Give your heart the food of holy friends;
seek maturity from those who have matured.

~ Mawlana Jalal-al-Din Rumi

A Recipe From the Night Counter: Foul Medamos

In The Night Counter, Laila goes to the Arabic grocery in Detroit and decides for the first time in her marriage not to buy the ingredients to make her Egyptian husband foul.
Whether you write it out from Arabic as “foul” or “fool,” I’ll grant you that it doesn’t sound very appetizing in English.  But foul medamos is actually a staple of much of the Middle East, particularly Egypt, and an appreciated breakfast or late night dinner served up with hot pita.  Also know as “people’s food” because of its affordability, foul can be made so many different ways.  The only absolutely necessary ingredient that Laila or anyone else making foul would definitely need is the foul itself, which is dried fava beans that have been boiled until soft.  (Fava beans are also a key ingredient of another “people’s food”: falafel)

Many shops in the Middle East ladle up the steaming hot beans in a bowl and let you decide how to dress them—lemon juice and olive oil are a given, as is garlic usually.  But from there, you can go a lot of different ways—some like to mix it up with green chilis, others like to stir in chickpeas, still others prefer a swirl of tahini or to scoop it up with raw onions, some like it warm, some like it hot.  Here’s the way I imagine Laila would make it.

Foul Medamos

Foul Medamos from The Night Counter

Foul Medamos from The Night Counter

1 16-oz can fava beans, drained and rinsed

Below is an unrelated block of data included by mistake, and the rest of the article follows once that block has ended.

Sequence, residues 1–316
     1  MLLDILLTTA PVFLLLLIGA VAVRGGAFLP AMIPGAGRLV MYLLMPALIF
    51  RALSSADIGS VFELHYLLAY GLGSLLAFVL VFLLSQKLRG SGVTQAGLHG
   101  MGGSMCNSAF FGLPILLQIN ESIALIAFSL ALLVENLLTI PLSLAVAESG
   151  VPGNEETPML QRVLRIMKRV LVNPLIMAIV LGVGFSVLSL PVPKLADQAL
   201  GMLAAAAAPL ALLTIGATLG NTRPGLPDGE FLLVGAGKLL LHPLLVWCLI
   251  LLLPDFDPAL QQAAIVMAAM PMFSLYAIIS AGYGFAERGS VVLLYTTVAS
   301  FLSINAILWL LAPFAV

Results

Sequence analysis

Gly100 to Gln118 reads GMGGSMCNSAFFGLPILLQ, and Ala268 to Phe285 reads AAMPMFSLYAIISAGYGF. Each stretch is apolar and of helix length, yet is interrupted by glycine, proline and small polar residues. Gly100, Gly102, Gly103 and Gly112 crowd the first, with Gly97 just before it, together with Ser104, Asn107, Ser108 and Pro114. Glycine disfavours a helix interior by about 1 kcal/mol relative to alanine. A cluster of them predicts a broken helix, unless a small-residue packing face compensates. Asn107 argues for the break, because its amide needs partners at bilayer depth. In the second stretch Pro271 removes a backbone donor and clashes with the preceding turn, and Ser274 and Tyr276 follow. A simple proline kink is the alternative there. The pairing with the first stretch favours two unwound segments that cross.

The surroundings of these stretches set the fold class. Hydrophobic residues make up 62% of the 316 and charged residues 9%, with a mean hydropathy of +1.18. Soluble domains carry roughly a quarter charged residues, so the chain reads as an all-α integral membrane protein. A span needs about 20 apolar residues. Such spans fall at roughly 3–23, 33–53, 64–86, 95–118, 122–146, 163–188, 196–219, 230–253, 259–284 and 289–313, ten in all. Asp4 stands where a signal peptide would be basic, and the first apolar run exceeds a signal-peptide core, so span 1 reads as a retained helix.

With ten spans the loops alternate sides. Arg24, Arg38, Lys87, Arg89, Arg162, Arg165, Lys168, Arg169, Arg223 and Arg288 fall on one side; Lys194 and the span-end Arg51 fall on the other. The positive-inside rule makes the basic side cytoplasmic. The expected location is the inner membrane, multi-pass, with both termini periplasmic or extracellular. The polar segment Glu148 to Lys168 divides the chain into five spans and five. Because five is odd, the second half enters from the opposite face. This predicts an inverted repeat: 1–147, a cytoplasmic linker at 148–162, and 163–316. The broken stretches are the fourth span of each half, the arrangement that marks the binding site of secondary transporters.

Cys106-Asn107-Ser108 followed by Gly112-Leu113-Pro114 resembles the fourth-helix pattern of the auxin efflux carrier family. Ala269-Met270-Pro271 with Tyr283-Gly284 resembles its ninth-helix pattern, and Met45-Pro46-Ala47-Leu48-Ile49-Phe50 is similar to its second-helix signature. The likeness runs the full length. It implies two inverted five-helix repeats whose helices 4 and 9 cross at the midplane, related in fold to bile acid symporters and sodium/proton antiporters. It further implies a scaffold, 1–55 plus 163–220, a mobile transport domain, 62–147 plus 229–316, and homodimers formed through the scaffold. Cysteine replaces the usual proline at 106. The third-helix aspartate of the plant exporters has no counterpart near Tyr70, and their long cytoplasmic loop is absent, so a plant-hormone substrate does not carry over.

1 small red bell pepper, finely diced
1 small green bell pepper, finely diced
1 bunch of green onions, sliced
1 Persian-style cucumber, seeded and diced (optional)
¼ c. of chopped flat leaf parsley
Juice of two lemons
6 T. olive oil
1 clove garlic, crushed.
1t ground cumin
¼ t. red pepper –or to taste
Salt to taste

Wisk together the lemon juice, olive oil, garlic, cumin, red pepper and salt into a dressing.  Add the fava beans, peppers, onions, and cucumber.  Mix together gently so that the beans don’t  fall apart.  Add in the parsley.  Serve at room temperature or chilled, but allow at least half an hour for flavors to mix.

I marked the cucumber as optional, but really it’s all optional.  In fact, I think I’ve been known to make the same thing but using black beans and corn instead of the fava beans and calling it a Mexican salad.  Of course, that brings me to my theory of the continents being connected once via the similarity in recipes that seem to be so dominant in both Egypt and Mexico.  Of course, war, occupation and conquistadors could also explain that away.  But I digress.